Trump's lawyers quit because he won't give up. Plus: Is Biden serious about unity? 'The Sit-In'

By Gary Abernathy

Trump’s lawyers quit because he just won’t give it up

Former president Donald Trump is insisting that his lawyers for the upcoming impeachment trial focus on his insistence that he actually won the election. This is insanity. What Trump’s lawyers should do – what they want to do – is make the argument that the entire impeachment trial is unconstitutional because Trump is no longer in office and therefore cannot be removed from office, which is the constitutional penalty for conviction. They should do that in part because it’s right, and in part because most Republican senators are ready to defend Trump on those grounds, but not on the election fraud scenario.

The Washington Post reported Sunday night that “South Carolina lawyer Karl S. “Butch” Bowers Jr. and four other attorneys who recently signed on to represent the former president abruptly parted ways with him this weekend, days before his Feb. 9 Senate trial for his role in inciting the attack on the U.S. Capitol. On Sunday evening, Trump’s office announced two new lawyers were taking over his defense.

“Two people familiar with the discussions preceding the departure of the original legal team said that Trump wanted them to make the case during the trial that he actually won the election. To do so would require citing his false claims of election fraud — even as his allies and attorneys have said that he should instead focus on arguing that impeaching a president who has already left office is unconstitutional.”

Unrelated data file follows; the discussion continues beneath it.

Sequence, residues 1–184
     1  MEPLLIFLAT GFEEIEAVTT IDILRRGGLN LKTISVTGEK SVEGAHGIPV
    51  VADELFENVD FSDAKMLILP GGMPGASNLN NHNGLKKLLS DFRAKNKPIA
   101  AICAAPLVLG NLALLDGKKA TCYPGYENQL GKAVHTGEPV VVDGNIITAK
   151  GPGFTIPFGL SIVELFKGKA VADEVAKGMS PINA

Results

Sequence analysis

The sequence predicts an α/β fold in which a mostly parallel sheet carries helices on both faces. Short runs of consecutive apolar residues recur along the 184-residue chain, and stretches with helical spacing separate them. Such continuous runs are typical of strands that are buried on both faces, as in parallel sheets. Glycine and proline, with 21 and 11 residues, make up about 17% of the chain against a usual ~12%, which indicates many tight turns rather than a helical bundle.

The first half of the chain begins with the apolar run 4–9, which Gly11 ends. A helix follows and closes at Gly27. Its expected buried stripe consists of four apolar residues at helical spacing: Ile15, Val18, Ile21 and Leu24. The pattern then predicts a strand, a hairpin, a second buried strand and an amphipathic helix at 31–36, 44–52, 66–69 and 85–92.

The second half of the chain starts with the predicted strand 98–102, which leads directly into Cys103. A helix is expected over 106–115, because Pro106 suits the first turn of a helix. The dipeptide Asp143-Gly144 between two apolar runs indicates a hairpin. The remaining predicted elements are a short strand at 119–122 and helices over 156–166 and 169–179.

If he won’t help himself, there just comes a time when you conclude that he deserves whatever he gets.

Whether Biden is serious about unity will soon be known

Whether President Joe Biden is seriously about uniting the nation and working across the aisle will be something known in short order after 10 U.S. senators, including Rob Portman, R-Ohio, issued an open letter to Biden on Sunday asking him to negotiate with them on the latest covid-19 stimulus package.

"Our proposal reflects many of your stated priorities, and with your support, we believe that this plan could be approved by Congress with bipartisan support," the joint letter reads. In addition to Portman, the letter was signed by Sen. Bill Cassidy, R-La.; Sen. Shelley Moore Capito, R-W.Va.; Sen. Susan Collins, R-Maine; Sen. Jerry Moran, R-Kan.; Sen. Lisa Murkowski, R-Alaska; Sen. Mitt Romney, R-Utah; Sen. Thom Tillis, R-N.C., Sen. Michael Rounds, R-S.D.; and Sen. Todd Young, R-Ind.

USA Today reported Sunday that “some moderate Democrats like Sen. Joe Manchin, D-W.Va., have also advocated for more targeted aid to individuals, state and local governments, as well as small businesses.”

Biden’s proposed $1.9 trillion in additional spending is madness. The economy is already recovering and, according to reports, no longer in recession. Why have we no compunction about going deeply in debt when there’s no justification for it? Whether Biden is serious about embracing bipartisanship will be revealed by whether he puts his proposal on hold to talk with the GOP senators, or ignores them and forges ahead with a purely partisan, party-line vote.

An update from the Washington Post on Monday says Biden has invited the GOP senators to the White House Monday afternoon. We shall see.

‘The Sit-In’ worth watching when you get a chance

A few weeks ago I was invited to participate in a Washington Post columnist year-end reflection to “share one book, TV show, movie, album, video game or other piece of culture, broadly defined, that had a big impact on them this year.”

I chose an obscure documentary called “The Sit-In,” about one week in 1968 when entertainer Harry Belafonte sat in for Johnny Carson as host of the “Tonight Show.” Here’s a link to my short piece describing the show on the Peacock network, and I encourage you to watch the program sometime.